The Free/Lock 2.0 mechanism that converts the Backland AT boots from ski to walk mode is a very rudimentarily designed when contrasted with all of the mechanics on the exterior of the boot. That being said, it works flawlessly, and is so simple that there is not much room for error since it’s not buried inside the shell. The only improvement that I think the mechanism might benefit from would be to enlarge the area you grasp to pull the lever up. (Currently it’s very small and can be difficult to use with large gloves on).
The overall fit of the Atomic Backland Carbon Boots was pretty spot on right out of the box for this reviewer. I have wide feet with high arches, but other than that, a pretty normal foot. I did, however, replace the stock foot beds with my custom moulded Sidas insoles to provide a better fit and take up any additional space within the boot. The memory fit shells and thermo-mouldable liners further fine tuned the fit and are a must-do for every skier prior to heading out into the backcountry. On the shell side, the Carbon Spine of the Backland Carbon boots provide increased stability and rigidity that a boot of this weight really benefits from. Lateral support is 100% solid and any unwanted shell flex is minimal thanks to this addition of carbon… plus it looks pretty cool.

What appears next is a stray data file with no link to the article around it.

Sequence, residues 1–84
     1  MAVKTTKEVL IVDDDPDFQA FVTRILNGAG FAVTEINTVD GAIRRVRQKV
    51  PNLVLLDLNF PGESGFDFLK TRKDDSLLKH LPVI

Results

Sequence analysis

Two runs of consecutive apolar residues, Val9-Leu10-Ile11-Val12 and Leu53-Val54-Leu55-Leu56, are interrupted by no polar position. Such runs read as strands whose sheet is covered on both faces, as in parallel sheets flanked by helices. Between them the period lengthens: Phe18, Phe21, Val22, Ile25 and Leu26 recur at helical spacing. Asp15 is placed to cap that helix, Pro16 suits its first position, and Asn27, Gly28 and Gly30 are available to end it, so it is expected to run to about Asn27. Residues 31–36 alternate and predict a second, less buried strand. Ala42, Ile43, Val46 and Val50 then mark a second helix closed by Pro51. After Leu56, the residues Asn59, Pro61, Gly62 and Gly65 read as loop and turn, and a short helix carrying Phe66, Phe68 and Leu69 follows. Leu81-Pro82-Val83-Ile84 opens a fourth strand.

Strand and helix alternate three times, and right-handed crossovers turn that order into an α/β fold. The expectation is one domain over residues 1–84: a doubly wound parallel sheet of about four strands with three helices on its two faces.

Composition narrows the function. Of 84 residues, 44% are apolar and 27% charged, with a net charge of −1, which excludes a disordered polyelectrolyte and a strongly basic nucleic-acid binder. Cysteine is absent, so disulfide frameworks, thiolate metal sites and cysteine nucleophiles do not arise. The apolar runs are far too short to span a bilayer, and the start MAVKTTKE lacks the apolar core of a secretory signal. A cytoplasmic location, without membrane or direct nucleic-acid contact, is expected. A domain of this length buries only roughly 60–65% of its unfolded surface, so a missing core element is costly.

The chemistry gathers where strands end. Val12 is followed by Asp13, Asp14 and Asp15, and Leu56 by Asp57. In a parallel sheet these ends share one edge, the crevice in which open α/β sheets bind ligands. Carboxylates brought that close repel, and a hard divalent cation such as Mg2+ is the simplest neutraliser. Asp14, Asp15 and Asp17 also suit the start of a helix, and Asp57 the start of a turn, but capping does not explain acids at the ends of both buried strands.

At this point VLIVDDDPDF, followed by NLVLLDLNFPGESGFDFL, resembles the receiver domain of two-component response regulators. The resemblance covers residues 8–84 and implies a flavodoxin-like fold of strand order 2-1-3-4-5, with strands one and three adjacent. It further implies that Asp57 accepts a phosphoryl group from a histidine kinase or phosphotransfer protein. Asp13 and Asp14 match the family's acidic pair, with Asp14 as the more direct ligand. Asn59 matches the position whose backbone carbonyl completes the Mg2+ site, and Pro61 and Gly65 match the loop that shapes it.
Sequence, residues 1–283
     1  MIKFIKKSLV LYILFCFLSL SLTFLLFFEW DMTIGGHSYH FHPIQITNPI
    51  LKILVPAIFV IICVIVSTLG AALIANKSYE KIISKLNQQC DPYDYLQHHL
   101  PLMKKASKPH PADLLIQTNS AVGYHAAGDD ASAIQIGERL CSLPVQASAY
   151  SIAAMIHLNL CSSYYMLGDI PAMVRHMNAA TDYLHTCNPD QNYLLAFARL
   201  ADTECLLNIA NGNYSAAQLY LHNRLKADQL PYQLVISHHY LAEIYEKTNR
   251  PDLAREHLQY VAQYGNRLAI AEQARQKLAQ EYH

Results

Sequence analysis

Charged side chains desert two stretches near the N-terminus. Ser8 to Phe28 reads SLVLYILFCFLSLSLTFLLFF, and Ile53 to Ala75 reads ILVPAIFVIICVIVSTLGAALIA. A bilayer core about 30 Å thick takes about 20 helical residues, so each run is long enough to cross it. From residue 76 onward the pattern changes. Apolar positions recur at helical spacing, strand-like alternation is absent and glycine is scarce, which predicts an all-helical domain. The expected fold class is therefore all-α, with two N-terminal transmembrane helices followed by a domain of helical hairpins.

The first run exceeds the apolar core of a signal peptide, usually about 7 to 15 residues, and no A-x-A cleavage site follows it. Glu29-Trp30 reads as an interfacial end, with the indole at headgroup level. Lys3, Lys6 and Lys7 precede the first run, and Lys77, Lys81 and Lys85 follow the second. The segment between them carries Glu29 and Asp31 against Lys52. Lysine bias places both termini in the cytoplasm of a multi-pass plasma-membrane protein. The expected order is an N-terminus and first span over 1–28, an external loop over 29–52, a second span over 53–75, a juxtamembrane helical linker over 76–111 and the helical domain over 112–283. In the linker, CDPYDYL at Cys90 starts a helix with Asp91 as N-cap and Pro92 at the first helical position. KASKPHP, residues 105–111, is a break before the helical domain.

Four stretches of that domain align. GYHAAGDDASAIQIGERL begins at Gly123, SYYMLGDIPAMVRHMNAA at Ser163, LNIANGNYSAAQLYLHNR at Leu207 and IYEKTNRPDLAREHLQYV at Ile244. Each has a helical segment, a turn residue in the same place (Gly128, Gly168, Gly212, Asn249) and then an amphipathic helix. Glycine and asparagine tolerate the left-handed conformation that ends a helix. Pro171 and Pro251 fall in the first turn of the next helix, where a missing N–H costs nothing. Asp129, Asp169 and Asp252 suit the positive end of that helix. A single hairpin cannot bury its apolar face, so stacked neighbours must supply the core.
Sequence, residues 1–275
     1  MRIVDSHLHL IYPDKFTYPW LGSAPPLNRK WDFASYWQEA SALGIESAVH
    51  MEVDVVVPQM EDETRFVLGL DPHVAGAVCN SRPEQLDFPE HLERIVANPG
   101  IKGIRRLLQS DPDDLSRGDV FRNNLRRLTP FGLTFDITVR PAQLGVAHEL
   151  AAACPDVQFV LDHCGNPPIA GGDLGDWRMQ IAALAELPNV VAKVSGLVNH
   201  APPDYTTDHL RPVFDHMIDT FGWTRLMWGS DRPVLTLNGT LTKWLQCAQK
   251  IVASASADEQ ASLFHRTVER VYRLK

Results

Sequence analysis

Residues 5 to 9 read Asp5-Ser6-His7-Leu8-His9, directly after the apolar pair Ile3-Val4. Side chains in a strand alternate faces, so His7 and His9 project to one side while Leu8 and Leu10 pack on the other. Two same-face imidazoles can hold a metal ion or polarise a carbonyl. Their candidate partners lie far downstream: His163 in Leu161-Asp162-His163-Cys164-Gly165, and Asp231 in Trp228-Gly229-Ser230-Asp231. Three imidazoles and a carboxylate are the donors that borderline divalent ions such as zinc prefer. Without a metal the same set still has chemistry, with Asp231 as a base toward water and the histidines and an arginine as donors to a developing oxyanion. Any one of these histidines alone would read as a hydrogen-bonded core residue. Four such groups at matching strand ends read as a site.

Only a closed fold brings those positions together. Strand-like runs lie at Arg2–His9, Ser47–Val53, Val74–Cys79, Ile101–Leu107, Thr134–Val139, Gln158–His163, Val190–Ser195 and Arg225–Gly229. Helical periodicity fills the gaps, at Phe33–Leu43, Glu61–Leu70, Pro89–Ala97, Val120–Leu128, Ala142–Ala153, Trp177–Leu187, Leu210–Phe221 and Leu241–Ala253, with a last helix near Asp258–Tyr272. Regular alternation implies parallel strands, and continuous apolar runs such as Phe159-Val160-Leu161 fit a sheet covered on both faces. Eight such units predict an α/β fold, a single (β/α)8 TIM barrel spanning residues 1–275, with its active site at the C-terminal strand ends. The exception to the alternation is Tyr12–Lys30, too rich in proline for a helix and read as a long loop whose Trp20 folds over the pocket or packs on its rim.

In order to maximize cuff rotation for skinning, Atomic has incorporated a “quick click tongue” which is removable—should you choose. Several other AT boots offer this solution to improve range of motion. However, most of those boots admittedly don’t have even half the range of motion that the Atomic Backland Boots have (even without the buckles and power strap undone). Because of this the Atomic Backland boots are incredibly easy to walk in, with just a flick of the Free/Lock 2.0 mechanism. I’ve found that rarely (if ever) have I had to undo the power strap and top buckle while climbing. That being said, I have always opened up the lower forefoot buckle in order to keep my feet warm by facilitating blood flow to my toes. The built in catches on both buckles are super simple to use and effectively keeps the buckles set to where you want them. Simply open and close the buckles at will, with no need to worry about them flapping around. Because of these features I’ve never found the need to go through the hassle of removing the tongue, which involves totally unbuckling (power strap included). This is simply too much time and fuss for very little benefit in my opinion. Maintaining a little snugness by not totally opening everything up also limits the formation of blisters.